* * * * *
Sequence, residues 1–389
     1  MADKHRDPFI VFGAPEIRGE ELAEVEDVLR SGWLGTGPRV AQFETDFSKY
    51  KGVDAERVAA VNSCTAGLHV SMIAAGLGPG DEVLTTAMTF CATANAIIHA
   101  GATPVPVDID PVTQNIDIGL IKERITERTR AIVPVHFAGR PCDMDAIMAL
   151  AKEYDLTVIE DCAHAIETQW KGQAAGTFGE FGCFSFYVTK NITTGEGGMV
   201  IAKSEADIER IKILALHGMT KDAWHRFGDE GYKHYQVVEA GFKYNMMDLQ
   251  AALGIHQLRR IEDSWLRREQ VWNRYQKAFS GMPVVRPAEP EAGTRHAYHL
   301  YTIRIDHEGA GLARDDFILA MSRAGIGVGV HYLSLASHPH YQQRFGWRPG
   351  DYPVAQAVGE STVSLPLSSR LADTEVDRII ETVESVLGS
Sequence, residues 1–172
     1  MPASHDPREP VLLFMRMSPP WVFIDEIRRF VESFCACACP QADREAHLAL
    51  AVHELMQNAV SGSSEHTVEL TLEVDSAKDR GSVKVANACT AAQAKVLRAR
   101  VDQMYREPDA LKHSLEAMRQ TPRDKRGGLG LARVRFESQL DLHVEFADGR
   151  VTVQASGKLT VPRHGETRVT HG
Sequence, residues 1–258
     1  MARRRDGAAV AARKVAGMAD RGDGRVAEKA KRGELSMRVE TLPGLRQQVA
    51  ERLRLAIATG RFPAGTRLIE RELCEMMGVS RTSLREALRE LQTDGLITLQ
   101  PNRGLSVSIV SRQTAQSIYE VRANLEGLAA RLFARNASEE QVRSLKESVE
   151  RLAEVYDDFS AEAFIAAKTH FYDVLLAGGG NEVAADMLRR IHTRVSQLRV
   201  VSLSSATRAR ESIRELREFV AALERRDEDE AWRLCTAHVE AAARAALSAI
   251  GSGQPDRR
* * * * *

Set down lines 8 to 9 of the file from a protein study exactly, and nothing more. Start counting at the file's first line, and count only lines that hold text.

   301  YTIRIDHEGA GLARDDFILA MSRAGIGVGV HYLSLASHPH YQQRFGWRPG
   351  DYPVAQAVGE STVSLPLSSR LADTEVDRII ETVESVLGS